This kinda leads to my thoughts – how is a company like Twilight Time able to turn a profit if they only do 3000 disc releases? I mean, I get they sale them at $29.95, but I am sure a good chunk of that goes to Screen Archives, then a good chunk goes to negotiating rights and royalties. By the time you rescan the film, clean it up, packaging and artwork, subtitles, disc authoring, pressing costs, etc, and pay their staff, I am surprised they can turn a profit.

        For that matter, I am with Julian – how the heck are they not selling out? I mean, I get they are catalogue titles, but didn’t movies like Casablanca, Wizard of Oz, Gone With The Wind, Sound of Music have limited editions of 15,000 plus still have steelbook releases, 3D releases (Wizard of Oz), Target Exclusive editions, and stripped-down editions? I get they are more popular movies, but it also seems that a company should be able to move more than 3,000 copies of a disc in Region A markets.

  10. Blaine

    Wait, they haven’t even issued it, yet? You can still actually cancel and save yourself the cost you now feel is unjustified? How is this something worth complaining about? Unless you were hoping to sell it for a profit as a collectable, and that is always a risk, anyway. If they printed another 5000 right after release day without warning, then I could see your point, but they’ve let you know before release, which is better than many companies that double dip by following a barebones release with a deluxe edition shortly later. If your theory is correct and it is now overpriced and there will be a glut of them, you should be able to buy it for quite cheap in a couple of months.

    Now the people that already paid for the limited Twilight Time discs, and who were told “limited and the best they will ever be”… I can see their complaint. They can’t cancel now. But even they bought something they felt was worth it at the time, so it is like most technology. Better stuff tends to come along making the last purchase seem less valuable. I think I have at least a couple of movies on all of Beta, VHS, DVD, HD-DVD, and Blu-ray, and I know I spent too much buying the older ones, and I’m sure I’ll feel I spent too much on the Blu-ray versions eventually, too. But those movies are at least ones I watch over… I’ve got some I never broke the shrinkwrap on, and until I find time to watch them I’d have to say those were the ones that were too expensive. When I was a little kid, the ability to own a film at home was like a dream, and when it become possible, it seemed priceless. Forty years later and it is a commodity found in bargain bins or a digital file in the cloud.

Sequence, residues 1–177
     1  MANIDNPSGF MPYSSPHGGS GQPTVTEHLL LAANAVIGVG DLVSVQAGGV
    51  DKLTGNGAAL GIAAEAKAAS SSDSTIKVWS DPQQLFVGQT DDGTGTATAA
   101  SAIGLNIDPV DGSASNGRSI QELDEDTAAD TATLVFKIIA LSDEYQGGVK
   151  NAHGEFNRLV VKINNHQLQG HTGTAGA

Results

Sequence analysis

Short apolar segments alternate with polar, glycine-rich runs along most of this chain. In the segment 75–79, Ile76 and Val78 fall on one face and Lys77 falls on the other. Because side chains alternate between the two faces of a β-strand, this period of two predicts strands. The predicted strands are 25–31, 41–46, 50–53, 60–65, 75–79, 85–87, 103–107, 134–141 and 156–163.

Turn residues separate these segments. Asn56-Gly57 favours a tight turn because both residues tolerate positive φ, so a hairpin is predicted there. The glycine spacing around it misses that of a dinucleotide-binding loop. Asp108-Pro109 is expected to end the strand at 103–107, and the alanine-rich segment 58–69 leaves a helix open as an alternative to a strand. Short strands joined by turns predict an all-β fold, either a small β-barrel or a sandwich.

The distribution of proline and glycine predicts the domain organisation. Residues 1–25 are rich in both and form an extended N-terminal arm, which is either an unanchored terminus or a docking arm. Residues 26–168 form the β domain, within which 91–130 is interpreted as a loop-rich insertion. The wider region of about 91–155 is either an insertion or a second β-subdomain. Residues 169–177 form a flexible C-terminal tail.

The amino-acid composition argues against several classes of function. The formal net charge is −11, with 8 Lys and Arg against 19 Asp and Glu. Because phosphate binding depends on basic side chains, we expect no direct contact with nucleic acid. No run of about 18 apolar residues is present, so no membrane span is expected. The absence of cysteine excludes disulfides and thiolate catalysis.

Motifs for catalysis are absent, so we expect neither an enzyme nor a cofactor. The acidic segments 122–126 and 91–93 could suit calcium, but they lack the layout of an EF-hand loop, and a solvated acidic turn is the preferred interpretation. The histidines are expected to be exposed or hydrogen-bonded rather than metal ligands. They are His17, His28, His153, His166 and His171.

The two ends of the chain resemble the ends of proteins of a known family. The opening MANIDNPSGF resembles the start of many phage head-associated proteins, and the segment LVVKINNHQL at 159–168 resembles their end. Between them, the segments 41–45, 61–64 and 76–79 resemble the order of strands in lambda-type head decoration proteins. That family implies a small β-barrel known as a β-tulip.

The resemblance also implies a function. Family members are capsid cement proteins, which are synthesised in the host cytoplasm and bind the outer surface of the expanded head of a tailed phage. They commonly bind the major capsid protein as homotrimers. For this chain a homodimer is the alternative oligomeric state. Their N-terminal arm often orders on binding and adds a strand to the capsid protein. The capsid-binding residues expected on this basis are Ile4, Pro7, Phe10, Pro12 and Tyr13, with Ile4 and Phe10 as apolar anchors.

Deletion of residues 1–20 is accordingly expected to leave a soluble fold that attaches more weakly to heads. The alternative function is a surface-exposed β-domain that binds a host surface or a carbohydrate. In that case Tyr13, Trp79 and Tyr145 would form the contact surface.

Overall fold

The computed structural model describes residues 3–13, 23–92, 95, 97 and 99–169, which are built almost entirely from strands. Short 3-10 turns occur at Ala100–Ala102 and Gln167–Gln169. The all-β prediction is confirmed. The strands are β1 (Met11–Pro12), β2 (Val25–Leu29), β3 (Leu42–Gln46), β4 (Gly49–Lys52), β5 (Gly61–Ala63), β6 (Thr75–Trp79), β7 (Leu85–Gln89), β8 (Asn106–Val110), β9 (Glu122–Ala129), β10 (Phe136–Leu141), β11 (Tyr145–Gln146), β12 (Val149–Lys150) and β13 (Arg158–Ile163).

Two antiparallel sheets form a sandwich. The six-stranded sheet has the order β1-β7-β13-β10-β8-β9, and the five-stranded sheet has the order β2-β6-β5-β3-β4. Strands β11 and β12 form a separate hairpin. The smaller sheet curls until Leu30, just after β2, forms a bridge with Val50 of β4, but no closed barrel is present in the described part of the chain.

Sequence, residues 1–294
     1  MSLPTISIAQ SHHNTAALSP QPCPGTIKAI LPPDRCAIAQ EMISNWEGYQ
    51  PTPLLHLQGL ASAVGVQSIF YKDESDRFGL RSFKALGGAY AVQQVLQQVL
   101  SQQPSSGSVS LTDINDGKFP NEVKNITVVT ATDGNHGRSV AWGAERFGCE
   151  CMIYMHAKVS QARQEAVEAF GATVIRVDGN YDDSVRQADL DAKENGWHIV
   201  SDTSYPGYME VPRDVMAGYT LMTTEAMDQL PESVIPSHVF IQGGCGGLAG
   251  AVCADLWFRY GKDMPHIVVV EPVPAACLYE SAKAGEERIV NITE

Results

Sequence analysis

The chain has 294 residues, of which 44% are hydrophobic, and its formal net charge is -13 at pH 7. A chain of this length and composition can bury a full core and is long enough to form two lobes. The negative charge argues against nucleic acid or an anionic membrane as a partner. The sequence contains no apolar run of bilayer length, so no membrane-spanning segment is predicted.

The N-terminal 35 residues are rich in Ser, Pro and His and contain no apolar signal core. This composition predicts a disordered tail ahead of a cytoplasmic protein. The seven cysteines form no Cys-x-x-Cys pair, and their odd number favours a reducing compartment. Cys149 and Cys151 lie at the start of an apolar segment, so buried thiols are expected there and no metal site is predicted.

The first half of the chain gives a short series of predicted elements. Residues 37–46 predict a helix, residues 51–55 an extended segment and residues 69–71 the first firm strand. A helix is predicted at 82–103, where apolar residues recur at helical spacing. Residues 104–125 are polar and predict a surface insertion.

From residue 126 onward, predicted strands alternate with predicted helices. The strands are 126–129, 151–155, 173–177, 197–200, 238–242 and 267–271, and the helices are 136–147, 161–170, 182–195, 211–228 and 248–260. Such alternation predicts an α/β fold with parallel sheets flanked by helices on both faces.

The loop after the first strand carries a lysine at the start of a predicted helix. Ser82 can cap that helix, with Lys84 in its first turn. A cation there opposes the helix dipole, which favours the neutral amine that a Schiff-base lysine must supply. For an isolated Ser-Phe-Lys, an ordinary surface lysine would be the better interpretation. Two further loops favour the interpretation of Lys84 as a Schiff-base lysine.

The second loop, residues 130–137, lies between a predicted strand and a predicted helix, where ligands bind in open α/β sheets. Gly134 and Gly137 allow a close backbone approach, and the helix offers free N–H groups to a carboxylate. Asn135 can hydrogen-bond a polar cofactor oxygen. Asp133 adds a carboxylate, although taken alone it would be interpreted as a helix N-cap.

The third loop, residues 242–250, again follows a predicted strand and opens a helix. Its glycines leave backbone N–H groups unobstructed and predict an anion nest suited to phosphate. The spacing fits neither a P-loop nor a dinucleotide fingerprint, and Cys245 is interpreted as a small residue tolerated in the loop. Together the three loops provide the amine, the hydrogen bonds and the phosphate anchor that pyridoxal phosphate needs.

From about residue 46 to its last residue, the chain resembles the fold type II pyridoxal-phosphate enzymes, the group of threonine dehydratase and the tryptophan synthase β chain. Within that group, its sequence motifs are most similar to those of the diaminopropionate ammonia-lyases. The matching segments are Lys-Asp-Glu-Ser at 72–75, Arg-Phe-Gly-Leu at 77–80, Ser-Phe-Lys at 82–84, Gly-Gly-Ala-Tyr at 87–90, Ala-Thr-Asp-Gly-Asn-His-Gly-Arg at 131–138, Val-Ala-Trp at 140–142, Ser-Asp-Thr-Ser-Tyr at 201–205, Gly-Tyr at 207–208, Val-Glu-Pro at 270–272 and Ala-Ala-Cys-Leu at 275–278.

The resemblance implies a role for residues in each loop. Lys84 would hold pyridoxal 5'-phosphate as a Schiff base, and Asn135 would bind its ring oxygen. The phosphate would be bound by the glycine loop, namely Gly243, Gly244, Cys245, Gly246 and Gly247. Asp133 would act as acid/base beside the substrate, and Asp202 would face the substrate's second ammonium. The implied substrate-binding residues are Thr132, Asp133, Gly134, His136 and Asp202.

The question is what is the movie actually worth to you? Trust me, I’m a sucker for steelbooks and limited editions, but I’m trying to get back to just enjoying the movies again, and to actually go through all the special features before those become obsolete.

    So go ahead and cancel, but if most of the 5000 pre-orders feel the same way and cancel, too, I would expect even fewer special editions in the future.

    • You, sir, raise very valid points. “But even they bought something they felt was worth it at the time, so it is like most technology.” => I agree! Twilight Time releases are expensive (especially for Europeans; we have to pay extra shipping fees), but some movies are worth it. Josh said something along those lines in an earlier blog post: ‘Back in the day, LaserDiscs were even more expensive. When you feel a movie is worth the money, you shouldn’t complain. You should be happy to get the chance to just own it.’ (paraphrased)

  11. John

    Twilight Time is becoming deceptive. They have stated on their website and other websites that quantities were running low and once a particular bluray sold out, it was gone. Basically saying you better hurry up and buy it if you want one because we will never have anymore. It does not matter why someone buys a limited edition of anything … it does matter when someone is selling an item they claim to be a limited edition to entice someone to pay more for that item, when in fact the item is not as limited as the advertised. And it seems there should be repercussions for deceiving consumers in such a manner.

Leave a Reply

Your email address will not be published. Required fields are marked *